“Bone Tomahawk” – During a time just after the U.S. Civil War, “Bone Tomahawk” presents the small western town of Bright Hope as a peaceful community.
Well, peaceful is a relative term.
Small municipalities on the American frontier in the 19th Century were anything but peaceful.
This was the Wild West, and the land bled violence.
In this respect, Bright Hope is no different than any other place during that era.
It is a place where Sheriff Franklin Hunt (Kurt Russell) will shout – to an unknown person hiding in a barn – “If you don’t say who you are, I’ll shoot you dead.”
It is a place where the drinks from the local saloon, The Learned Goat, will make you feel “like a tree fell on you.”
If it is not the alcohol, a mysterious gunfighter could shoot you down in a blink of an eye.
Soon, however, a few of its residents will face a formidable group of people who will terrify the most rugged fragments of their souls.
In writer/director S. Craig Zahler’s exceptional debut feature film, four brave men cross a desolate landscape for days to rescue two townsfolk and a drifter from a frightening community of cannibalistic cave dwellers.
Zahler certainly weaves a distinct twist on the American western by adding the aforementioned antagonists.
Some moments in the picture clearly feel, look and sound like horror, but about 90 percent of the film successfully plays like a western, and at times, a sensational one.
The picture depicts a violent, primeval tone right away as the camera focuses its opening shot on the face of a sleeping stranger as someone grabs his throat and uses a large, dullish knife to dig, cut and slash into it.
From the get-go, one knows this movie will earn its R-rating.
This event and another ugly sequence eventually lead this someone – a murderous thief named Purvis (David Arquette) – to Bright Hope, and he unknowingly leads a small band of cannibals with him.
The group of outsiders kidnap Purvis and two others, so Sheriff Hunt (Russell), his deputy Chicory (Richard Jenkins), an insensitive gunfighter (Matthew Fox), and a cowboy (Patrick Wilson) head out on a “suicidal” rescue mission.
The film places a key life obstacle in their way (which I will not reveal) as well as plenty of problems from Mother Nature on this doomed trip, and although the movie carries an undertone of dread, Zahler’s brilliant writing offers lots of humor, which provides intermittent bouts of relief for the audience.
For example, Jenkins’ Chicory steals several scenes, and every on-screen minute with him is a joy.
Chicory, an elderly deputy who leans on his sheriff to do most of the thinkin’, constantly babbles, asks obvious questions and uses inappropriate comments.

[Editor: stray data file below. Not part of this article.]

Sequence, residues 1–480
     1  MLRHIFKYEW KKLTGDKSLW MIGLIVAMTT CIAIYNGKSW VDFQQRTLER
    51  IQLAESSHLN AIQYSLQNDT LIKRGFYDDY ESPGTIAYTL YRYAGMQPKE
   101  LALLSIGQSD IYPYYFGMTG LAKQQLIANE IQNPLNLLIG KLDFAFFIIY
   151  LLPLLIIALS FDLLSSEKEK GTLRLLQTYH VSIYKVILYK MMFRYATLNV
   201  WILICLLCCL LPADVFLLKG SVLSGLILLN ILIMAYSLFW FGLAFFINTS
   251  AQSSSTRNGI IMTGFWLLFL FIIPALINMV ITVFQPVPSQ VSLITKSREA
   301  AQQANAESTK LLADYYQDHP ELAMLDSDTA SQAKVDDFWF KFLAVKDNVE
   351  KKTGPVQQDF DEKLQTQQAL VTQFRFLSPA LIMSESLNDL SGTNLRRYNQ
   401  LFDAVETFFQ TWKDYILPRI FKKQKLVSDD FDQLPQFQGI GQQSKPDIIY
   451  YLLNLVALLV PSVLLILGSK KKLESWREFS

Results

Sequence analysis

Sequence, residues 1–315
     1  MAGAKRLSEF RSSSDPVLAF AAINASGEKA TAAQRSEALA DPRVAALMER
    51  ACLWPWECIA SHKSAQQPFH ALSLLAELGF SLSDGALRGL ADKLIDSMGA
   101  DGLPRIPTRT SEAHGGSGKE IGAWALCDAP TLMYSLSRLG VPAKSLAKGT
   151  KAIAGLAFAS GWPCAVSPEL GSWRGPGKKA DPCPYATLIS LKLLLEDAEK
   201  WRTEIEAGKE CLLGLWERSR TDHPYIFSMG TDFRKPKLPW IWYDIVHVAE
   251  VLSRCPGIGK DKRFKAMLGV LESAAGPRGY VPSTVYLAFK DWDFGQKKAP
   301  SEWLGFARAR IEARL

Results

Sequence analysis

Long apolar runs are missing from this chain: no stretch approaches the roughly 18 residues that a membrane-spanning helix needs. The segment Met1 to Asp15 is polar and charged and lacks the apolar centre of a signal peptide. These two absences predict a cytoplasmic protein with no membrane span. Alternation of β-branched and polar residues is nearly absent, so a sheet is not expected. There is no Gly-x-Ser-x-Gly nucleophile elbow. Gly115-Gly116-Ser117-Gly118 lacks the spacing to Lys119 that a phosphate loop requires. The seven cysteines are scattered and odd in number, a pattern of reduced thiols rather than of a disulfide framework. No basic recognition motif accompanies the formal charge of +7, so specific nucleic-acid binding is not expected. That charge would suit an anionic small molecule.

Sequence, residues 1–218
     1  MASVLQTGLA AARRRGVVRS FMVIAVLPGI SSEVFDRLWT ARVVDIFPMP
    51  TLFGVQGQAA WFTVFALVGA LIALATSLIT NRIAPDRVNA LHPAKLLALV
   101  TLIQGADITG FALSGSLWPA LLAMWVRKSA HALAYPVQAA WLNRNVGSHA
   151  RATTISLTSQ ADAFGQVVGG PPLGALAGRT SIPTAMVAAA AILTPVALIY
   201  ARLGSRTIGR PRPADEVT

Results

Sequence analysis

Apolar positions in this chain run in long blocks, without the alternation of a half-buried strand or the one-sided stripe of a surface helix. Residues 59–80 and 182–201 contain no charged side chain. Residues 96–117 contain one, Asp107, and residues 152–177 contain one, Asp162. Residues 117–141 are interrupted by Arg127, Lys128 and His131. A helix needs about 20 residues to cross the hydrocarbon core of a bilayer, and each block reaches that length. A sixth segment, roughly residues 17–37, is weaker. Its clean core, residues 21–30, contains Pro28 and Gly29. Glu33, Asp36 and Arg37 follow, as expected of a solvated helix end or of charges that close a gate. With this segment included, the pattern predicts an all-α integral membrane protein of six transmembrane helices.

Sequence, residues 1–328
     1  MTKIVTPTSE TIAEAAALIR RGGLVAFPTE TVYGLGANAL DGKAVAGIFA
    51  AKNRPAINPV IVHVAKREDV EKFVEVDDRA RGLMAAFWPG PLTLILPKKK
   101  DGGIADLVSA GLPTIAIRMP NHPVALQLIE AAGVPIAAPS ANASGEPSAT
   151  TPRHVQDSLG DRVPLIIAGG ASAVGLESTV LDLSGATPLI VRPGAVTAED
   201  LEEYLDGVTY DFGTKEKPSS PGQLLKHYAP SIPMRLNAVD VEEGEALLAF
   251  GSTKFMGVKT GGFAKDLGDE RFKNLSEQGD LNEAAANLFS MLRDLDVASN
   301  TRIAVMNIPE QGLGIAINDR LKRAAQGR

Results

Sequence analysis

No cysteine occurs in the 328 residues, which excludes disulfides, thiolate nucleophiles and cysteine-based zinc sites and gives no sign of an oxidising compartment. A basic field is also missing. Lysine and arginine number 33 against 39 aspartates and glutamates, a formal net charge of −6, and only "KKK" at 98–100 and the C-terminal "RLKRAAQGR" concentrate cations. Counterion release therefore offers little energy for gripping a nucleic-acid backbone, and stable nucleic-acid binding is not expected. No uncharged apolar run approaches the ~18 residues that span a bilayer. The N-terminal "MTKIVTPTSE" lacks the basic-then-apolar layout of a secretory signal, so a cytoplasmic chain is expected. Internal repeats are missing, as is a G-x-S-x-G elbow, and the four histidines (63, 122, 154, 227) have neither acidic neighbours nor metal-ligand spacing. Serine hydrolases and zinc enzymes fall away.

When Brooder (Fox) calls him an imbecile, Chicory responds by claiming his wife called him that particular label for years.
Many of the scenes in Bright Hope (prior to the big ride) also contain moments of levity.
For instance, The Learned Goat’s piano player charges three cents per song, but three songs will cost a dime. When Brooder asks why the upcharge for three songs, this rural pianist responds that he gets tired when playing three.
The script is laced with both subtle and blatant humor, and it adds a richness to the story and a sense of comfort with these characters.
The four characters – admittedly – are one-dimensional within their respective silos of expertise, but together they form a terrific team.
Their underdog role is obvious, but through their verbal jousting and forced bonding due to unenviable circumstances, these talented actors let their characters gel as a unit, and we, the audience, are thankful.
I am also thankful that Zahler took much care in capturing the right concoction of sights and sounds on the open range.
With no population centers between “Here” and “There”, the film truly portrays a clear sense of vulnerability due to the raw and unforgiving terrain.
Death by outlaws, opposing tribes, the heat, scarcity of water, and/or four-legged or no-legged (snakes) critters are all possible on the way to fight an unknown group of cannibals, and long brutal shots in the beating sun and cold spaces in stark darkness do not furnish warm, fuzzy feelings.
From a sound-perspective, silence surrounds these four in the great outdoors, and many times we only hear the crunching of desert plants underfoot, the clogging of hoofs or the crackling of campfires.
With most of the film captured in the wild, these specific moments – which break the silence – do not appear by happened circumstance but are completely purposeful.
Be warned: As the many ways “Bone Tomahawk” offers welcomed western traditions, the ultimate fight with the cannibals defies convention.
Although these scenes are short-lived, they are grotesque and beyond brutal.
One specific 20-second, monstrous visual has unfortunately seared into my brain for all of eternity. (Help!)
Undoubtedly, the last 30 minutes of this picture are not for the weak of heart and/or stomach, and quite frankly, some moments are more than unnecessary.
On the other hand, the celebration of the American western and its unique, gory turn leave a lasting cinematic experience.
Bright Hope might be typical and ordinary, but “Bone Tomahawk” is not. (3.5/4 stars)